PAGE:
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Caution: Navigating Tanzania’s Deadly Centre Lane Shared by Both Directions

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As South African truckers often get loads going to Tanzania, there is a need for them to be aware of the shared centre lanes infamously referred to as ‘suicide lanes’.

Navigating the roads of Tanzania can feel like stepping back in time, especially when you find yourself on one of these three-lane two-way highways.

These roads have a centre lane open for overtaking traffic from both directions, a system that used to be widespread in countries like the UK and France.

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Known as “suicide lanes,” their reputation for danger is well-earned.

The Historical Context

Back in the day, three-lane roads were seen as a clever solution to the problem of slow-moving traffic.

With one lane in each direction and a centre lane for overtaking, it seemed like an efficient way to keep traffic flowing.

But as traffic volumes and speeds increased, so did the risks.

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By the late 1960s, these roads were scenes of frequent and often fatal head-on collisions. Drivers in the centre lane would approach each other at combined speeds of up to 220 km/h, overtaking vehicles moving only slightly slower, making for a lethal combination.

3 lane 2 way highway

Why They’re Dangerous

Head-On Collisions: The primary danger of these roads lies in the potential for head-on collisions. When two vehicles use the centre lane simultaneously for overtaking, the result can be catastrophic.

Misjudged Overtaking: Drivers often misjudge the speed and distance of oncoming traffic, leading to risky overtakes that end in disaster.

Lack of Clarity: With no clear demarcation of which direction the centre lane belongs to at any given moment, confusion reigns supreme. This lack of clarity increases the chances of accidents.

    Modern Solutions

    Recognising the dangers, many countries have restructured these roads. Here’s how:

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    Widening or Dual Carriageways: Converting these roads into dual carriageways with a central divider has been a common solution.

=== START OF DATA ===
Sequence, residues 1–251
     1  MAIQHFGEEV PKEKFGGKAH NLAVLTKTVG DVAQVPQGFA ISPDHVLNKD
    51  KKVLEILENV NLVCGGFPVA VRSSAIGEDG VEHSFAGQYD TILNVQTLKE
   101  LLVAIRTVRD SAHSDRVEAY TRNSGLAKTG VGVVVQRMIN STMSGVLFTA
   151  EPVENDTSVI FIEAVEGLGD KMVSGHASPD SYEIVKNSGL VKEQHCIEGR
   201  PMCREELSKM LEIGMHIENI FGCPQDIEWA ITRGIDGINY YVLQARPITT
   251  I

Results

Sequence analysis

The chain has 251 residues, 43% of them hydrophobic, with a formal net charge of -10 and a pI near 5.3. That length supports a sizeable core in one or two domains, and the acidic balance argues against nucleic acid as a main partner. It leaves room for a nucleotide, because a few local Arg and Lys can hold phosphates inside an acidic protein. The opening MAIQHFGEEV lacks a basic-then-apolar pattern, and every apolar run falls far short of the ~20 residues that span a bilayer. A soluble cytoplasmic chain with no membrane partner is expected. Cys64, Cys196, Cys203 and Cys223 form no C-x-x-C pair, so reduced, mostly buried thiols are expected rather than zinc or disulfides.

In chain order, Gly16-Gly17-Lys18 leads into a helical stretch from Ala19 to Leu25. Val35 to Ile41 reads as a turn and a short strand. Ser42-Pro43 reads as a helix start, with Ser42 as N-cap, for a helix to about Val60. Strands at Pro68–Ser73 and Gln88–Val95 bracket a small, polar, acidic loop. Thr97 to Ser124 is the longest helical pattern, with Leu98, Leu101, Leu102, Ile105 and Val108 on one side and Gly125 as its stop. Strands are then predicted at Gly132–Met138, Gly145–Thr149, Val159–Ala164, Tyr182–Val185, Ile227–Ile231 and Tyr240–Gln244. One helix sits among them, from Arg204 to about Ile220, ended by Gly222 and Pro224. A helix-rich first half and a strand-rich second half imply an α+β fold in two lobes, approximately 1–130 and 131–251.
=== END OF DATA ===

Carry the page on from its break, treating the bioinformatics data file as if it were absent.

Two-Lane Roads: Some roads have been relaned to have just two lanes, sometimes incorporating a partial centre lane for one-direction overtaking or crawler lanes on hills.

    Wider Shoulders: Adding wider shoulders gives drivers a safe space to move into when overtaking, reducing the need to use the centre lane.

    Hatched Centres: Using hatched markings in the centre lane discourages its use for overtaking and improves overall safety.

    Protected Turn Lanes: Introducing lanes for turning off across oncoming traffic provides a safer way to exit the main flow of traffic.

    The Situation in Tanzania

    Despite the known dangers, some of these three-lane roads still exist in Tanzania.

    As truckers, we need to be particularly vigilant. Always assume the centre lane is occupied and avoid using it unless absolutely necessary.

    Stick to overtaking in designated zones and stay aware of oncoming traffic.

    “Suicide lanes” are a relic of a bygone era, a testament to how far we’ve come in road safety. While they might still exist in places like Tanzania, it’s crucial to approach them with extreme caution.

    Modernising these roads could significantly reduce accidents, but until then, we must navigate them with the utmost care. Stay safe out there, truckers!

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